What’s worse is that according to Pew Research, only 26% of American adults are able to distinguish between fact and opinion.

To help teach Americans how to discern real news from fake news, The News Literacy Project has created a new website called RumorGuard that debunks questionable news stories and teaches people how to become more news literate.

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She's enjoying the big benefits of some simple life hacks.

James Clear’s landmark book “Atomic Habits: An Easy & Proven Way to Build Good Habits & Break Bad Ones” has sold more than 9 million copies worldwide. The book is incredibly popular because it has a simple message that can help everyone. We can develop habits that increase our productivity and success by making small changes to our daily routines.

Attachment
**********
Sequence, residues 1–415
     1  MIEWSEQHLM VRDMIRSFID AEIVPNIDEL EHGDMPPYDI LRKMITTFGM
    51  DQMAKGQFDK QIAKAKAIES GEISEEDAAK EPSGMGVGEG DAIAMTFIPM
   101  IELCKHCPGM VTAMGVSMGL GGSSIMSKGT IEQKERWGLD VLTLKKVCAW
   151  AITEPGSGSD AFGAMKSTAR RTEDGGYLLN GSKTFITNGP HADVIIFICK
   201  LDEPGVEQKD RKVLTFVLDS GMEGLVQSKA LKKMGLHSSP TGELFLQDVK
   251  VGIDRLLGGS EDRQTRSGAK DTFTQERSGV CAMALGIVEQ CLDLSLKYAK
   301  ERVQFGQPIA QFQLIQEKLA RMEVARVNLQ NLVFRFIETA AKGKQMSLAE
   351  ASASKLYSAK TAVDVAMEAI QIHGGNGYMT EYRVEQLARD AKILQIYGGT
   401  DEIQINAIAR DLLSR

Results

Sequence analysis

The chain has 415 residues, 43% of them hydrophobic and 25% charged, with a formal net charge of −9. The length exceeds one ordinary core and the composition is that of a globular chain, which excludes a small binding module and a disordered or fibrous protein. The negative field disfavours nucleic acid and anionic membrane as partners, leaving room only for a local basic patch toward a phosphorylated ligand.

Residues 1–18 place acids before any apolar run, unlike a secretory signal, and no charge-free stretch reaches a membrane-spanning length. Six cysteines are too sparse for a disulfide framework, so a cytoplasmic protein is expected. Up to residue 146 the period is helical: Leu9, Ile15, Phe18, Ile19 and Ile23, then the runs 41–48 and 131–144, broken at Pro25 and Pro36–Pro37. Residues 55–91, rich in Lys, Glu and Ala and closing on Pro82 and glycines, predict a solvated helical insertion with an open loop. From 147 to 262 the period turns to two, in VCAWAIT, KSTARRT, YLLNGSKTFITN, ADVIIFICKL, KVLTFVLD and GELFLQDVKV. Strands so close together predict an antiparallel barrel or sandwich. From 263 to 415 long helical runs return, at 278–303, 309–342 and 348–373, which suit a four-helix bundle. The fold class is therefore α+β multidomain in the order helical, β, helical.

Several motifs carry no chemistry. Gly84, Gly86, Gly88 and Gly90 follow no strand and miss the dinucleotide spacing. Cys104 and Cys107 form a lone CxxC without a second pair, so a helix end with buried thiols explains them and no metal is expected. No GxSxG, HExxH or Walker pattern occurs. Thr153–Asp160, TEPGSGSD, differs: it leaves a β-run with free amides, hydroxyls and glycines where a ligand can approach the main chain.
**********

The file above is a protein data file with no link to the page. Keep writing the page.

"It is so easy to overestimate the importance of one defining moment and underestimate the value of making small improvements on a daily basis,” James Clear writes. “It is only when looking back 2 or 5 or 10 years later that the value of good habits and the cost of bad ones becomes strikingly apparent.”

His work proves that we don’t need to move mountains to improve ourselves, just get 1% better every day.

Most of us are reluctant to change because breaking old habits and starting new ones can be hard. However, there are a lot of incredibly easy habits we can develop that can add up to monumental changes.